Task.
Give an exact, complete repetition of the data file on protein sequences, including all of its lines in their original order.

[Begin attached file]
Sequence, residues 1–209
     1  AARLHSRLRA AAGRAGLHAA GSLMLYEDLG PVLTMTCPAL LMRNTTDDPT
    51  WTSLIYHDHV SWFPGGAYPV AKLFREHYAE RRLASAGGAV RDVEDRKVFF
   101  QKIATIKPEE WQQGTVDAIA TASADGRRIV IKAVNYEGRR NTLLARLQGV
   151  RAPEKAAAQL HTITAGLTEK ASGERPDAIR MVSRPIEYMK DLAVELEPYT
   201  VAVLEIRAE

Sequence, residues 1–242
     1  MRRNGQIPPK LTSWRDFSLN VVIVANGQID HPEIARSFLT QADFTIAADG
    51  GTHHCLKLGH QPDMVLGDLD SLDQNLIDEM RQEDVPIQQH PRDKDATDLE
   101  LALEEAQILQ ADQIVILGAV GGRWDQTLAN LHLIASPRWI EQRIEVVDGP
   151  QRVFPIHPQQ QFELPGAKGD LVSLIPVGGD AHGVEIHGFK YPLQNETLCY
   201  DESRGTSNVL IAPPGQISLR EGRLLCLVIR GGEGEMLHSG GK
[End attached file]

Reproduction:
Sequence, residues 1–209
     1  AARLHSRLRA AAGRAGLHAA GSLMLYEDLG PVLTMTCPAL LMRNTTDDPT
    51  WTSLIYHDHV SWFPGGAYPV AKLFREHYAE RRLASAGGAV RDVEDRKVFF
   101  QKIATIKPEE WQQGTVDAIA TASADGRRIV IKAVNYEGRR NTLLARLQGV
   151  RAPEKAAAQL HTITAGLTEK ASGERPDAIR MVSRPIEYMK DLAVELEPYT
   201  VAVLEIRAE

Sequence, residues 1–242
     1  MRRNGQIPPK LTSWRDFSLN VVIVANGQID HPEIARSFLT QADFTIAADG
    51  GTHHCLKLGH QPDMVLGDLD SLDQNLIDEM RQEDVPIQQH PRDKDATDLE
   101  LALEEAQILQ ADQIVILGAV GGRWDQTLAN LHLIASPRWI EQRIEVVDGP
   151  QRVFPIHPQQ QFELPGAKGD LVSLIPVGGD AHGVEIHGFK YPLQNETLCY
   201  DESRGTSNVL IAPPGQISLR EGRLLCLVIR GGEGEMLHSG GK